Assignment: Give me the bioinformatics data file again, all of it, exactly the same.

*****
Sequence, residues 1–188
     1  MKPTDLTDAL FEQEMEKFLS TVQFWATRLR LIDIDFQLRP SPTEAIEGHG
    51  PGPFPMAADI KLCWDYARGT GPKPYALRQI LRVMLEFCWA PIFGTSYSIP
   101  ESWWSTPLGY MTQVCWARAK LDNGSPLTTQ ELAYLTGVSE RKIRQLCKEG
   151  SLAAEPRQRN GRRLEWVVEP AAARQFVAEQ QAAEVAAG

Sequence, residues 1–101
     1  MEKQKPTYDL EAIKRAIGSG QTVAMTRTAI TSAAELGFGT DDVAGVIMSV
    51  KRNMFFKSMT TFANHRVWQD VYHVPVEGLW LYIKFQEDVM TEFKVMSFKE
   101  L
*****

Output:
Sequence, residues 1–188
     1  MKPTDLTDAL FEQEMEKFLS TVQFWATRLR LIDIDFQLRP SPTEAIEGHG
    51  PGPFPMAADI KLCWDYARGT GPKPYALRQI LRVMLEFCWA PIFGTSYSIP
   101  ESWWSTPLGY MTQVCWARAK LDNGSPLTTQ ELAYLTGVSE RKIRQLCKEG
   151  SLAAEPRQRN GRRLEWVVEP AAARQFVAEQ QAAEVAAG

Sequence, residues 1–101
     1  MEKQKPTYDL EAIKRAIGSG QTVAMTRTAI TSAAELGFGT DDVAGVIMSV
    51  KRNMFFKSMT TFANHRVWQD VYHVPVEGLW LYIKFQEDVM TEFKVMSFKE
   101  L